Widgets. All the app features can be represented as a full page, but also as mini-containers in the form of widgets, which represent key information in compact format. The user can rearrange the widgets as they like. I can’t think of a good app example, but the iOS Springboard is an “app” where the actual apps are represented as widgets (icons) that you can further organize into folders, that can carry extra info about the app state such as badges, and that the user can rearrange across multiple pages. Android has the widgets concept developed much further (on home screens, perhaps not so much in the context of individual apps), but somehow the implementation on Android does not feel super engaging. Windows 8 brings some new thinking into the widgets space.
Now, I carefully crafted this list, and you can see that Mint for iPad actually contains elements of all of them. As for the toplevel container approach, I would call Mint’s iPad paradigm “freeform drilldown with fixed home.”
The key properties of this navigation scheme are:
Pages as key units of the app. The iOS HIG somewhat discourages full-page transitions on iPad, and individual features can indeed stay within the page and offer richness and interactivity without leaving the current view. But for major feature transitions, I found the page as a separate unit to be quite useful.
A fixed home view. The first view that you see in Mint for iPad, and one you can always come back to, is what we call Overview (even though, interestingly, we never verbalize it as such in the app.) It contains key pieces of info that you can tap on to drill down further. It is sort of “panic mode”—whenever you get lost in the app, you can always come back to Overview and start all over.
Freeform linking. Any feature of app can invoke any other feature, which just gets pushed as a new page.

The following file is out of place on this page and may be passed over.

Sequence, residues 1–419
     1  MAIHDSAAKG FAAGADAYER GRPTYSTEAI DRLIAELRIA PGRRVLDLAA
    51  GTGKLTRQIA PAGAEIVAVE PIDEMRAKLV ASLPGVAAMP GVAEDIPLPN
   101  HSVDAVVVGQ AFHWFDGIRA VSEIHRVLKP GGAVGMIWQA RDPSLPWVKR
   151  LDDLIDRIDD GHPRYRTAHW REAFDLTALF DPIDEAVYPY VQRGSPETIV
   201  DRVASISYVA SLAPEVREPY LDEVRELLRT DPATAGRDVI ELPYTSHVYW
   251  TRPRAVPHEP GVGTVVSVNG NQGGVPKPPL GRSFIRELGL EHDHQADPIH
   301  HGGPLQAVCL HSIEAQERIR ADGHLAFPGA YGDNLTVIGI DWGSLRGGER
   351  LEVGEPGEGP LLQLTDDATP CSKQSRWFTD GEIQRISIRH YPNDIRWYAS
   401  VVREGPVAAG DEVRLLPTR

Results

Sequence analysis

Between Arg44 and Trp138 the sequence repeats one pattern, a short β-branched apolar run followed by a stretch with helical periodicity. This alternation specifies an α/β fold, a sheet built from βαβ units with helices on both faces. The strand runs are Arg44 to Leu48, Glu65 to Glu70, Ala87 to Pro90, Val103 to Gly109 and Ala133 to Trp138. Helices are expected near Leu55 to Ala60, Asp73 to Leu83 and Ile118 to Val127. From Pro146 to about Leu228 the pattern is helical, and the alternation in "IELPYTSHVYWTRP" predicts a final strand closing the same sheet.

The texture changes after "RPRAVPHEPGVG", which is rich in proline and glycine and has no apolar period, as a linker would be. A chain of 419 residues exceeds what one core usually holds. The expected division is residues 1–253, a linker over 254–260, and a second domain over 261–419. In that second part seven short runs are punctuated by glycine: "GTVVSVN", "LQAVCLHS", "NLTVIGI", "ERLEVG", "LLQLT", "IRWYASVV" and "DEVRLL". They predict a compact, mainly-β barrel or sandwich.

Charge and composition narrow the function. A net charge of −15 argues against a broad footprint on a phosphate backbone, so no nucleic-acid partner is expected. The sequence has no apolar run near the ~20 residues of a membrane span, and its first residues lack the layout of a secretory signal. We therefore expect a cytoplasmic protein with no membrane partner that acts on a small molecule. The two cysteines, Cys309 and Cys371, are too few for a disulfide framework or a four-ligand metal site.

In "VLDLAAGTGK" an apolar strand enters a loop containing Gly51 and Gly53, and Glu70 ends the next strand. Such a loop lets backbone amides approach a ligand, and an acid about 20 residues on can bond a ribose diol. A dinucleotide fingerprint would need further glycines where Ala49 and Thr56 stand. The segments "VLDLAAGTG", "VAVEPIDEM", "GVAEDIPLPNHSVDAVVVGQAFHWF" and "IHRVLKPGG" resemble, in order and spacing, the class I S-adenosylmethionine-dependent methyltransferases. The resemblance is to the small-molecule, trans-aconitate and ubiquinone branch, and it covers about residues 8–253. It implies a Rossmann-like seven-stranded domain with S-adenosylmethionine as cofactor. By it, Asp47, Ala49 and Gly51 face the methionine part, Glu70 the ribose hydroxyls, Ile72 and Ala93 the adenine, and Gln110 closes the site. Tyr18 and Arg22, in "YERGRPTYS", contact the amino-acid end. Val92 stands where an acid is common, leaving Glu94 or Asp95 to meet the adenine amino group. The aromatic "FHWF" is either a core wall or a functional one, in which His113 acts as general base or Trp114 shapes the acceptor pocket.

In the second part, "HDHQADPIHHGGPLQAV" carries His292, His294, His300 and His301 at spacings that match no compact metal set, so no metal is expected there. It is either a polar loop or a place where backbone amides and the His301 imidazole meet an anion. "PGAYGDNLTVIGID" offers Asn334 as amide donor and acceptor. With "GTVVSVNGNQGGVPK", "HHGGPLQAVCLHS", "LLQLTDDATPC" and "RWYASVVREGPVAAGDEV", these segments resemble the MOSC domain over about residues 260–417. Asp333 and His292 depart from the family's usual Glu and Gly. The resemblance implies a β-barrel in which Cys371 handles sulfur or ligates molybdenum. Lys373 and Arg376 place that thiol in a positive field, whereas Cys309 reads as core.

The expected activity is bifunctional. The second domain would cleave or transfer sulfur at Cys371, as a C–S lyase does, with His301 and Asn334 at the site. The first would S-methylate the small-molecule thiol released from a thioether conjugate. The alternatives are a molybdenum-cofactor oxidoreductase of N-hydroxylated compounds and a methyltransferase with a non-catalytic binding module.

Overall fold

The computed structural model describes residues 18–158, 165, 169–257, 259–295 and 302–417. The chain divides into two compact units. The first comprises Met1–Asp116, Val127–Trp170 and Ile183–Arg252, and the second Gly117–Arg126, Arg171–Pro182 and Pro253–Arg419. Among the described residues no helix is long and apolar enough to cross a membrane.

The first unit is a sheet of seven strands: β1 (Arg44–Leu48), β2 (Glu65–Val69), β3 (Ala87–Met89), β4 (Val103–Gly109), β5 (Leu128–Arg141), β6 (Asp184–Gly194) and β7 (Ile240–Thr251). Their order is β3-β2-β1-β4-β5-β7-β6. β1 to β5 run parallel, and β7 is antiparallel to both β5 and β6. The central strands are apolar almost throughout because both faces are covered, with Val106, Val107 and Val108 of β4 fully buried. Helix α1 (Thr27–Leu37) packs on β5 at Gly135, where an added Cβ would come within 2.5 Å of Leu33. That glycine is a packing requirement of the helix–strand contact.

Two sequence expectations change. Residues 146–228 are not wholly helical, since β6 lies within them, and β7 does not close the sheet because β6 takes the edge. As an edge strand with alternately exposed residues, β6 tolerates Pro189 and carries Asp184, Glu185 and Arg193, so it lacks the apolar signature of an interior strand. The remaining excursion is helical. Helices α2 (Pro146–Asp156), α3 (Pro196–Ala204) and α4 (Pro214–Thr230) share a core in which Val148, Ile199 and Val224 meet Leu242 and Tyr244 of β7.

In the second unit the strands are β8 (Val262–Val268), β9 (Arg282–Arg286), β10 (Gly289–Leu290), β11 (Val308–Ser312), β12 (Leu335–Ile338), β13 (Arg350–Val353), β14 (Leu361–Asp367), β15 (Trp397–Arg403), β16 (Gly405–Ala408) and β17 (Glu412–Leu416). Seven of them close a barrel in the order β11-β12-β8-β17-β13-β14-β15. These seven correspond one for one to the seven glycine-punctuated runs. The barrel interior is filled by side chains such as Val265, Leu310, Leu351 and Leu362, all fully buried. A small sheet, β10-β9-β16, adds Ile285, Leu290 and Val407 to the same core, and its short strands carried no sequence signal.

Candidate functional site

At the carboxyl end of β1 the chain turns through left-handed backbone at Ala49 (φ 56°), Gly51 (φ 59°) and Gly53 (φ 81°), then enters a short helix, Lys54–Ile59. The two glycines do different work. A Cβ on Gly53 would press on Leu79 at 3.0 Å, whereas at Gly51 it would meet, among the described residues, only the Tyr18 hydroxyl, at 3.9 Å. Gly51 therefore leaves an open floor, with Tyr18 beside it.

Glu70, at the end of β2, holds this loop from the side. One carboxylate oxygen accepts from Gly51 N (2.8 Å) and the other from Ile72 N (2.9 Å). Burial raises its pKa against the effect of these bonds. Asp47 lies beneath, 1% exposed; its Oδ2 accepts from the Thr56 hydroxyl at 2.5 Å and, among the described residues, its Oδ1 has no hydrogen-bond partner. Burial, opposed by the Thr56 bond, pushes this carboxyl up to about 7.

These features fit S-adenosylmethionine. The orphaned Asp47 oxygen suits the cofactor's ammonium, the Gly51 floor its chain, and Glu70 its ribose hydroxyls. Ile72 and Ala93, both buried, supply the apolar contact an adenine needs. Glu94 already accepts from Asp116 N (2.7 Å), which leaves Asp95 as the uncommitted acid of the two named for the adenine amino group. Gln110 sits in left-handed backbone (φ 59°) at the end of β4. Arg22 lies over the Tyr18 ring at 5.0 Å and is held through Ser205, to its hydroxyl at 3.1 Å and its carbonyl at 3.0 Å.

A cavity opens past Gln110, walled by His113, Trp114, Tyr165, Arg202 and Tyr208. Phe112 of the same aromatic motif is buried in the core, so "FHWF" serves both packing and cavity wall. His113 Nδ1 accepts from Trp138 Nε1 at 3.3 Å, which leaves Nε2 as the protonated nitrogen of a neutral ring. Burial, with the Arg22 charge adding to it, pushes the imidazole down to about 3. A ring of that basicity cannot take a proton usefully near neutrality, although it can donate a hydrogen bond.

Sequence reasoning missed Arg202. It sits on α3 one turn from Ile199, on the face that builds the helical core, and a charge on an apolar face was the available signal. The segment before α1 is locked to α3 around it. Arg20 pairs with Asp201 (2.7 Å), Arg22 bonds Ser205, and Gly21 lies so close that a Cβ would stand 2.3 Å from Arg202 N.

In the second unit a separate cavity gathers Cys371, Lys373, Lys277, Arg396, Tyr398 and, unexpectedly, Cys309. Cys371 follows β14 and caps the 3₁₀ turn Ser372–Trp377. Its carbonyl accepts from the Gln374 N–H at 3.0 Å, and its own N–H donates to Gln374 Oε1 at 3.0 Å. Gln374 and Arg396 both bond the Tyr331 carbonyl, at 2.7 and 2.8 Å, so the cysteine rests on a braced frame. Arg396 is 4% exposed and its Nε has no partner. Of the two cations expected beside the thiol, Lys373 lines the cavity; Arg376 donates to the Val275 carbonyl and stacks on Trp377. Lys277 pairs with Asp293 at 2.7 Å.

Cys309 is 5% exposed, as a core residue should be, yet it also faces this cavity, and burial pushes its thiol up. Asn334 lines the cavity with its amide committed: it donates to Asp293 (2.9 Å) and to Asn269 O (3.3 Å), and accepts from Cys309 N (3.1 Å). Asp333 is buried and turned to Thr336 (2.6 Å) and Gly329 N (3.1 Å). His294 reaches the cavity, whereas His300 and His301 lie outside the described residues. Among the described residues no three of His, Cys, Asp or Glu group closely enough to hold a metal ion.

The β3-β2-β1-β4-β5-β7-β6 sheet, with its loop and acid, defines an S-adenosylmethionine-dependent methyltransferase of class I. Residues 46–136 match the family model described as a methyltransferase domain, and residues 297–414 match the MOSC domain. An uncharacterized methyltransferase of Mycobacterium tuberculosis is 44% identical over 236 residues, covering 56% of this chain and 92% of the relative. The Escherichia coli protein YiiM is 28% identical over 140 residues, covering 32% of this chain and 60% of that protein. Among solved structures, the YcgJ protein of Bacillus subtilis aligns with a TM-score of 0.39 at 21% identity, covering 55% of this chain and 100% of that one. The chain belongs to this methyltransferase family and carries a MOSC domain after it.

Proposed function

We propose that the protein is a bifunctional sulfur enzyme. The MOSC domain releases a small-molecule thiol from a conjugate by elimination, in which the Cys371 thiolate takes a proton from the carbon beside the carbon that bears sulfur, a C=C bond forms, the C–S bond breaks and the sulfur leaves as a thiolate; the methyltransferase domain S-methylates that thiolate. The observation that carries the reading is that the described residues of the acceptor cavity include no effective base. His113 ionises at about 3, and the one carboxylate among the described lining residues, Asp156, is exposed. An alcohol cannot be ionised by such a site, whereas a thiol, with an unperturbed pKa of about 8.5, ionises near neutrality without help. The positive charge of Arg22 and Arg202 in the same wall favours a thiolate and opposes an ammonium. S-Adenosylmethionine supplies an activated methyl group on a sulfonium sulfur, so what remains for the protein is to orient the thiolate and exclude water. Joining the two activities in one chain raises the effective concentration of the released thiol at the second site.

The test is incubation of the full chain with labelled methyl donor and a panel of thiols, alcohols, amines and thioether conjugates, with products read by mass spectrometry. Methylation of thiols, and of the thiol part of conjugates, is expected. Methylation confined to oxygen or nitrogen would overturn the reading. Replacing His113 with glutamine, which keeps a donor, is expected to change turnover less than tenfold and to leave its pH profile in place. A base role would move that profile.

Easy navigation. Notable apps like Facebook and Twitter also use the freeform drilldown paradigm, but the UI is somewhat different. For the Mint app, ease-of-use, discoverability and fun were equally important to me. So if you are on a page in Mint, you can go back in three ways:
- Swipe to right (anywhere on the current page, assuming the widget doesn’t happen to have local gestures) to reveal the previous page. If you swipe just a little bit, you can “peek” under the current page, and if you swipe a longer distance, or swipe just a little bit but with great velocity with a “flicking” motion, you go back to the previous page. This is a great method to go back because you don’t need to be very precise: the whole page is your touch target.
- Tap on the Back button in the global spine area to reveal the previous page.
- Tap on the Overview button in the very top left to go back to overview.
Global spine. Regardless of where you are, you can go back to previous page or overview, do a search, enter a transaction, or change app settings. The page layouts for Mint’s different features on iPad are quite dissimilar: the transaction list looks very different from, say, a chart of your spending across categories. The global spine provides familiarity and grounding across the transitions. It seems to be a pattern making its way into many apps: this week’s iPad app of the week, Yahoo Livestand, has a spine, complete with exactly the same back button approach as Mint. See how both in Yahoo and Mint, the touch target is bigger than the actual graphic. Although the implementation is different, the spine pattern feels in spirit to be quite familiar to Android Honeycomb’s “action bar.”
Initial feedback to the product and navigation scheme has been pretty good. I also know there’s a few things that I didn’t quite get right, and there are some other things that didn’t make it to the first version. I don’t expect to change the navigation fundamentals, but some tweaking may happen.